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Shortly after al-Qaeda terrorists flew commercial jets to the World Trade Center in New York and the Pentagon in Northern Virginia, Major League Baseball teams began playing “God Bless America in the seventh inning of their matches.

Many of these games were played in stadiums owned by local governments.

Did it establish a religion?

In Boston, the city government concluded that allowing a private group—Camp Constitution—to temporarily raise its Christian flag on a flagpole owned by the city would suggest the city was establishing a religion—and, therefore, violate the First Amendment.

On the same mast, however, Boston itself hoisted the flag of the People’s Republic of China.

China, of course, is a communist and atheist regime.

Camp Constitution, on the other hand, as stated in a brief submitted to the Supreme Court, “is an all-volunteer association established in 2009, offering classes and workshops on subjects such as United States history, the Constitution of the States States and the news”.

“Camp Constitution’s mission,” he said in his memoir, “is to enhance understanding of the nation’s Judeo-Christian heritage, of the American heritage of courage and ingenuity, of the genius of the United States Constitution and free enterprise”.

The case that Camp Constitution and its founder, Harold Shurtleff, brought against Boston for denying that organization the ability to fly its flag on the same flagpole where the flag of the People’s Republic of China had flown went as far as the Supreme Court. Last month, the court correctly ruled in favor of Camp Constitution and against Boston.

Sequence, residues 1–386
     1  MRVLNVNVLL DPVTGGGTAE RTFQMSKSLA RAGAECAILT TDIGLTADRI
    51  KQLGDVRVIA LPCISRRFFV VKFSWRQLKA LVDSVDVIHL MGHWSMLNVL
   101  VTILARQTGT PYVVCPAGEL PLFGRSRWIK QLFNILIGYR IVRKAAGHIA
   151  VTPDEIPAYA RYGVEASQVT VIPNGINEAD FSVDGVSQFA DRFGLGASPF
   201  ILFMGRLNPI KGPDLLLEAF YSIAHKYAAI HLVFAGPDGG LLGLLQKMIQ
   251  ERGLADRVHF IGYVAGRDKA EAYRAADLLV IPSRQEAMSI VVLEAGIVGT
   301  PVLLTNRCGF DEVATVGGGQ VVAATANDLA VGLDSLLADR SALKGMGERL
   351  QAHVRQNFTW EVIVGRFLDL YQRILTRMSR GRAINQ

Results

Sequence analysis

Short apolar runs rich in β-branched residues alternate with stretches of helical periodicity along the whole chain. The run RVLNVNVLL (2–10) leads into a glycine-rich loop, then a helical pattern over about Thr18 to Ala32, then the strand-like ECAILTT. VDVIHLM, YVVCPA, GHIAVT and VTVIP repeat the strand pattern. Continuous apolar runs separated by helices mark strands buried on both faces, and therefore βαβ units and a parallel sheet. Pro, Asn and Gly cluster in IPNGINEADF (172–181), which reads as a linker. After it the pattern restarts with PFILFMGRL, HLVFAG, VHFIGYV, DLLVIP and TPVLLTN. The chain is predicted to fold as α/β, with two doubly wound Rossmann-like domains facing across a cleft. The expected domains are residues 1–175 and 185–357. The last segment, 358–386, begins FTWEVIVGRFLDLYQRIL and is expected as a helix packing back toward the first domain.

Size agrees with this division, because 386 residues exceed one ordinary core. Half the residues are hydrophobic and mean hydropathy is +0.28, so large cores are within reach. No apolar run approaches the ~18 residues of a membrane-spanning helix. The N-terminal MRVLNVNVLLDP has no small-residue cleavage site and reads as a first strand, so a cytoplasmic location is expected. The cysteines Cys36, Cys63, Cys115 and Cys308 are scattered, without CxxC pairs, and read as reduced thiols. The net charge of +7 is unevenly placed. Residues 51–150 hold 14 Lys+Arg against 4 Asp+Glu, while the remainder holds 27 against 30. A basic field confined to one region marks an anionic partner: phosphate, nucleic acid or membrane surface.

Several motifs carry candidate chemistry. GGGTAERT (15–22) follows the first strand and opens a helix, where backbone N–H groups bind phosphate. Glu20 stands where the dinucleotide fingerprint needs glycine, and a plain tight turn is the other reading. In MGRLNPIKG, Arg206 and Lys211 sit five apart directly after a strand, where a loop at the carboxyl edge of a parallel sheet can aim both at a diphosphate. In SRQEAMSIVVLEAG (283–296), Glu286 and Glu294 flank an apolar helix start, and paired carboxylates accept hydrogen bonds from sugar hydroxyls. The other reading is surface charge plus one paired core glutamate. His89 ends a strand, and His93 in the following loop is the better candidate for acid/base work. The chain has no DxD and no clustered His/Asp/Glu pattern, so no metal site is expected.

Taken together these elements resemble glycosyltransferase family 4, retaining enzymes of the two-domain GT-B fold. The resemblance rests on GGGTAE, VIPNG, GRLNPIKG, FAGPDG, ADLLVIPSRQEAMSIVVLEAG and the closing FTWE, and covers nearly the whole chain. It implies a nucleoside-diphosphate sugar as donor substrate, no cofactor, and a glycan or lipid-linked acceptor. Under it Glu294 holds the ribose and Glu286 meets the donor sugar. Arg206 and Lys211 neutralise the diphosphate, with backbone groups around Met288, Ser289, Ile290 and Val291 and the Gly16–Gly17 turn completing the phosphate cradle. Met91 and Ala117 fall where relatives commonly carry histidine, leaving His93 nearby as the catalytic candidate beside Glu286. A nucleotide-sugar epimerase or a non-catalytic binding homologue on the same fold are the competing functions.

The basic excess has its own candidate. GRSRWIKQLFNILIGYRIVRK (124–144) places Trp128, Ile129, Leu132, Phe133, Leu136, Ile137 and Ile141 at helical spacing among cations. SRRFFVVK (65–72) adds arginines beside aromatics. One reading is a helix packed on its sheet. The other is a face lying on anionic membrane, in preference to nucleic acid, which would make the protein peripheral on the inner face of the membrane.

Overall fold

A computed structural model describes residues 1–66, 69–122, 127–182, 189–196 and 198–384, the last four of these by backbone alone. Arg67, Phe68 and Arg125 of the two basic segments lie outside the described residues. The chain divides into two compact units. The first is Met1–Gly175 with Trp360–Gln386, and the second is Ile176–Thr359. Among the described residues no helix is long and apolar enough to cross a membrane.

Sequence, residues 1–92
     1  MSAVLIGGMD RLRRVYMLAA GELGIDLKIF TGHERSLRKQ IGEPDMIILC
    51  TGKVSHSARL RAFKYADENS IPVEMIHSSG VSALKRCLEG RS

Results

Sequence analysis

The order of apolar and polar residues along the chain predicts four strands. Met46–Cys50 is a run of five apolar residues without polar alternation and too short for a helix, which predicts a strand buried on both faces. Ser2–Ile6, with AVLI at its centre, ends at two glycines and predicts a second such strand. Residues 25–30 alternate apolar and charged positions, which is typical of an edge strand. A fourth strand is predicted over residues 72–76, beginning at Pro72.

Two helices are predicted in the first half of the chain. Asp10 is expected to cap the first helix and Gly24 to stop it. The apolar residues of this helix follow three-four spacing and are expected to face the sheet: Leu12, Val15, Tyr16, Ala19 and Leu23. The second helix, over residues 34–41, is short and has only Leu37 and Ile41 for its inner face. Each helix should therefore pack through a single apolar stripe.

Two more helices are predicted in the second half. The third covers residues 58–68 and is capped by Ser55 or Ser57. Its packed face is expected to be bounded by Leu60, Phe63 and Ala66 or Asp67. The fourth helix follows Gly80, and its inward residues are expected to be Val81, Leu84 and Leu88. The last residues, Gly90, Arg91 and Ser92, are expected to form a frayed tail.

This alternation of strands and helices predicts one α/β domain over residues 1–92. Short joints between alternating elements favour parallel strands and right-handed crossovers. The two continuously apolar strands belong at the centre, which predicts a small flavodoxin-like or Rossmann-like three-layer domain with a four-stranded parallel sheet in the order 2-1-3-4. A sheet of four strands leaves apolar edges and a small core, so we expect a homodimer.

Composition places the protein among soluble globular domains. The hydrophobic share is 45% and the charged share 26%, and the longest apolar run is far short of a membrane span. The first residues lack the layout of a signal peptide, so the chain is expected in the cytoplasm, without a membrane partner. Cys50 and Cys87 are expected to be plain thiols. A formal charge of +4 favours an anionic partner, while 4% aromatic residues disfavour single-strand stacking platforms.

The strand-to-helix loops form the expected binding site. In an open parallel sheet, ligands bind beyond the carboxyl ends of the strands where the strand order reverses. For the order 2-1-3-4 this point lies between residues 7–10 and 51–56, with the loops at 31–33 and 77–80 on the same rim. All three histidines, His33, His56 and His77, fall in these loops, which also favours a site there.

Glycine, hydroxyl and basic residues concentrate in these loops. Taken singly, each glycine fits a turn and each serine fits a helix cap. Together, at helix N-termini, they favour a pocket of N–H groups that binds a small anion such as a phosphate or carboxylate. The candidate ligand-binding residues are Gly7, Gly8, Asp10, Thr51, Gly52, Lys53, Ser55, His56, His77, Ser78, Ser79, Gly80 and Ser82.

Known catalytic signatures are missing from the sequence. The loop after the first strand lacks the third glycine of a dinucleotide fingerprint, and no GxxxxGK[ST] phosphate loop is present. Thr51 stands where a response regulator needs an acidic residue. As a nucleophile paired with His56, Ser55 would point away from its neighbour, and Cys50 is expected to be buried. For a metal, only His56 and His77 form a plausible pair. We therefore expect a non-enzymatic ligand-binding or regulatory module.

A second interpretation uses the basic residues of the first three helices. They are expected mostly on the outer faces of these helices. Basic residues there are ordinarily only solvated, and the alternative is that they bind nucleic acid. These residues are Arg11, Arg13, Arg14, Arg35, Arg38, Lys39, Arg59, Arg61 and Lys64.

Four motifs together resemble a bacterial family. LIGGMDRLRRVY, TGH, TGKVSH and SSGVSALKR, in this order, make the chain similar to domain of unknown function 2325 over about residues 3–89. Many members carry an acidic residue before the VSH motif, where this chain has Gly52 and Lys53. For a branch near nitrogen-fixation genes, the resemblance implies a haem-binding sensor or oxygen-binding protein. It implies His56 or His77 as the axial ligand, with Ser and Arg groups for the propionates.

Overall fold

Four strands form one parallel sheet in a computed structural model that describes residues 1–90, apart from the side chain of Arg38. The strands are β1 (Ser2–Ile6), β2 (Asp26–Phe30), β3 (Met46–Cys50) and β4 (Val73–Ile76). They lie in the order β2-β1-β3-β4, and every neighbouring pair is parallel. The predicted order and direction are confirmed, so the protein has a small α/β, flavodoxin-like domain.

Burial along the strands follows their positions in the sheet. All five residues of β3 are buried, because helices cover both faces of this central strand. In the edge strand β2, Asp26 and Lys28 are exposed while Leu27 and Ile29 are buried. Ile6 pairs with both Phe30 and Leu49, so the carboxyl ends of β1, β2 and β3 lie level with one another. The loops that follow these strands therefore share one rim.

In front of Boston City Hall, there are three flagpoles. One, the group’s brief explains, features the American flag and the flag of the National League of Prisoner of War Families/MIA; another flies the flag of Massachusetts; and the third usually flies the Boston municipal flag.

This third flagpole, however, is also sometimes used by the city to fly other flags or is loaned by the city to non-governmental organizations to fly other flags.

In 2017, Camp Constitution planned to hold an event in the plaza outside City Hall and requested permission to hoist what it called its “Christian flag” on the third mast.

“In the twelve years prior to Camp Constitution’s application, from June 2005 to June 2017, the city approved 284 flag-raising events, with no record of denials,” he said in his brief. “In the one-year period immediately preceding Camp Constitution’s application, the city approved 39 flag raisings, averaging more than three per month.”

In addition to raising the People’s Republic of China flag in front of its City Hall, the City of Boston admitted in its own court brief that it also raised “the LGBT Pride Rainbow Flag.” and the “pink flag for transgender rights”.

But he refused Camp Constitution’s modest Christian flag, which the Supreme Court described as “a red cross on a blue field on a white background.”

“The city had never refused a request to raise a flag before the petitioners’ request,” Boston said in its brief.